Mothers’ Gestational Diabetes Predicts Childhood Obesity

Women with Gestational DiabetesA study in Diabetes Care unveiled that treating women to normalize blood sugar, who develop diabetes during pregnancy, intensely lessens the risks of their infant turning obese in puerility,

The study, chaired by Dr. Teresa Hillier of Kaiser Permanente's Center for Health Research in Portland, Ore, revealed that babies born to mothers with untreated gestational diabetes double the risk of becoming overweight by age five to seven. The higher the mother’s blood sugar levels, the greater the child's possibility of getting obese.

That risk vanished, but, when women with diabetes adopted a special diet routine, worked out or were given insulin. As a matter of fact, their babies had almost the similar risk of turning obese as those whose mothers had average blood glucose level.

Gestational diabetes starts in pregnancy and typically vanishes after the birth to a child. The mother’s advanced blood sugar can cause the foetus to grow too large, sometimes requiring caesarean delivery.

Around 3.5 per cent of non-Aboriginal women in Canada get gestational diabetes, and up to 18 per cent of Aboriginal women will develop it.

Whether a mother's high blood sugar can cause childhood obesity has never been clear up.

Hillier and fellow workers studied the medical histories for 9,439 U.S. mothers who delivered between 1995 and 2000 and were tested for diabetes. Their kids were then weighed between ages 5 and 7.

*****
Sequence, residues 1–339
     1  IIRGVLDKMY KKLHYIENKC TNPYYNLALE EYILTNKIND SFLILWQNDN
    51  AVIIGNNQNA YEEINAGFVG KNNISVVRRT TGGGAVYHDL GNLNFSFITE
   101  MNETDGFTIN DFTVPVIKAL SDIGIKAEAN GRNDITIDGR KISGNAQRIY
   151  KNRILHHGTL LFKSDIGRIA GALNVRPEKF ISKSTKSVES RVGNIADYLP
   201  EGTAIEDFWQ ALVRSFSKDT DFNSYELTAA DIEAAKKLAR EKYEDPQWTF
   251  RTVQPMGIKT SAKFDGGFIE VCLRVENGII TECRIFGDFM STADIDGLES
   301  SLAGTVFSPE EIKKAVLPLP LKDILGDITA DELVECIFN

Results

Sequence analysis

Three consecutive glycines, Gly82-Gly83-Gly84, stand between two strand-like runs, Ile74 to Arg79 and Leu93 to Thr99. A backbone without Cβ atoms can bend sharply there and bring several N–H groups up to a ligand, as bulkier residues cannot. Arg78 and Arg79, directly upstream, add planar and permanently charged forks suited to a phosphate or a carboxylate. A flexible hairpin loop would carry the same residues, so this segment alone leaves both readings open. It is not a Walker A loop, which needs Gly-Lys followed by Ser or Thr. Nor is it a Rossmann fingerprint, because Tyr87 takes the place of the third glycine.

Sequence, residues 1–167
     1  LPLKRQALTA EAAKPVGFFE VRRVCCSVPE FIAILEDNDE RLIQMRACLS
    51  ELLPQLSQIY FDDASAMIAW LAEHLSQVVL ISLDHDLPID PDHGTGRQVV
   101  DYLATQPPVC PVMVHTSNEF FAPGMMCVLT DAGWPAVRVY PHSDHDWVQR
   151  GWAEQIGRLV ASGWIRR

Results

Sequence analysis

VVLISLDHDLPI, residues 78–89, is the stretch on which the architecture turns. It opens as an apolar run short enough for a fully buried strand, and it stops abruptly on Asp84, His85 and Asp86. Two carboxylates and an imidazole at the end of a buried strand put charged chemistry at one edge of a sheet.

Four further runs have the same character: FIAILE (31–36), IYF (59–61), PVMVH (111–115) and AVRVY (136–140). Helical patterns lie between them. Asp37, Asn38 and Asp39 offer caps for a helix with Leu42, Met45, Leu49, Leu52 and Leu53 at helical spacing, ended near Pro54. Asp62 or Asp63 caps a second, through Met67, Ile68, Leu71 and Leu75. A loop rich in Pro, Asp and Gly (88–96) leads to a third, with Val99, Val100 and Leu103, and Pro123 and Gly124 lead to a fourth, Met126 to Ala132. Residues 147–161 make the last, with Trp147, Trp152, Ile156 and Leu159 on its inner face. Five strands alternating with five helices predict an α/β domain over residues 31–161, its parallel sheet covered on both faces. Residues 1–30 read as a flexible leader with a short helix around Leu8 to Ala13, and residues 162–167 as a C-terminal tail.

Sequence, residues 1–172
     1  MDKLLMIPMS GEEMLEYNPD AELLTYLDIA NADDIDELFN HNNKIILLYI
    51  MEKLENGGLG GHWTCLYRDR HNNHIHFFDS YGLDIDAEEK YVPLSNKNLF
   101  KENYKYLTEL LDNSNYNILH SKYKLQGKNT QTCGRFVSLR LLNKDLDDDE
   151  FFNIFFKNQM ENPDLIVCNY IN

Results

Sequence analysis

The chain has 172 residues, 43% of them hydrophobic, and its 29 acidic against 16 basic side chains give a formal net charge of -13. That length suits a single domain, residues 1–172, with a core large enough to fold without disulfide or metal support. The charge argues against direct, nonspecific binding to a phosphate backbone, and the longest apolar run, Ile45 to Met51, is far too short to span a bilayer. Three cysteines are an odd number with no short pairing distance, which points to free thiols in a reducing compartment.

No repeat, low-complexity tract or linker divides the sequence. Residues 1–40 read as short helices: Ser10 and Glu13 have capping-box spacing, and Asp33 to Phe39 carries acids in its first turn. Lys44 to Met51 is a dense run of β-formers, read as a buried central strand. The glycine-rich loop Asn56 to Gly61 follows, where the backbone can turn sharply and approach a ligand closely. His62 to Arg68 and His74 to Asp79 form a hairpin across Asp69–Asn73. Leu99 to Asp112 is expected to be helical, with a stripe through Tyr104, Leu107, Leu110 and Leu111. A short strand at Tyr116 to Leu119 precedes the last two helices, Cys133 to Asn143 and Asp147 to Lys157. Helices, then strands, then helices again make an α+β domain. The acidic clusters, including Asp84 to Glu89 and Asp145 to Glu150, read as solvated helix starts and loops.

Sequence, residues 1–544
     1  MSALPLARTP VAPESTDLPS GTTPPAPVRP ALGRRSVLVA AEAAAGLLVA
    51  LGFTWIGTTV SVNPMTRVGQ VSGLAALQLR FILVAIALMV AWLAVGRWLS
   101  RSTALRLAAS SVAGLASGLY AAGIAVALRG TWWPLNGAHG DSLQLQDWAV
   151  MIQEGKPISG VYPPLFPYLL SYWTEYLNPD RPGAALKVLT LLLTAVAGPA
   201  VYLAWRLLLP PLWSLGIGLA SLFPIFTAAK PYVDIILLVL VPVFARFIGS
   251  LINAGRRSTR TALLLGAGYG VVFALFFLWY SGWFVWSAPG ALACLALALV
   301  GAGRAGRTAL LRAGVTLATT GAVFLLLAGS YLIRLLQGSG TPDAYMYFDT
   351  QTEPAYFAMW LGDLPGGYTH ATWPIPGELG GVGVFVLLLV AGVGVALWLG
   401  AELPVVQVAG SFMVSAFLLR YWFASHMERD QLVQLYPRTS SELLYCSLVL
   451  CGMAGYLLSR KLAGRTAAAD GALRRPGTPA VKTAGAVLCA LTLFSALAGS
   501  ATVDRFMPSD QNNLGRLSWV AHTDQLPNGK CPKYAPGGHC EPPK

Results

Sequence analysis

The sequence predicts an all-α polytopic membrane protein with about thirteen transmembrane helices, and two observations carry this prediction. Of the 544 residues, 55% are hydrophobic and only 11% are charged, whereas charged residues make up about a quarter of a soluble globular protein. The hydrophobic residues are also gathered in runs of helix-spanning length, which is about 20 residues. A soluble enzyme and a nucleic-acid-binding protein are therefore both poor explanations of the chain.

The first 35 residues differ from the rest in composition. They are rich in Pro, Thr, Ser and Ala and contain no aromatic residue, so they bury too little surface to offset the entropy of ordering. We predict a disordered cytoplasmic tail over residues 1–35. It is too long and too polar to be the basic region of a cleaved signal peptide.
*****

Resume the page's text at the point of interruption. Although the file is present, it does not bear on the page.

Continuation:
Of the kids whose mothers had ordinary blood sugar levels, 24 per cent were overweight and 12 per cent were obese. In case, whose mothers had untreated high blood glucose, 35 per cent of the kids were overweight and 20 per cent were obese. In children whose mothers had their diabetes treated, 28 per cent of the children were overweight and 17 per cent were obese.

They computed that kids from the untreated highest levels were 89 per cent more expected to be overweight and 82 per cent more likely to be obese as compared to children whose mothers had normal levels.

Hiller said, “The key finding here is that the risk of overweight and obese children rises in step with higher levels of blood sugar during pregnancy. The good news for pregnant women is that by treating gestational diabetes, your children's risk of becoming overweight or obese drops considerably.”

“My advice to pregnant women is three-fold: Discuss gestational diabetes screening with your doctor, usually between weeks 24 and 28 of pregnancy; if you have gestational diabetes, work with your physician to treat it, and stick with the treatment during your pregnancy. It's the best thing you can do to reduce your child's risk of obesity,” she added.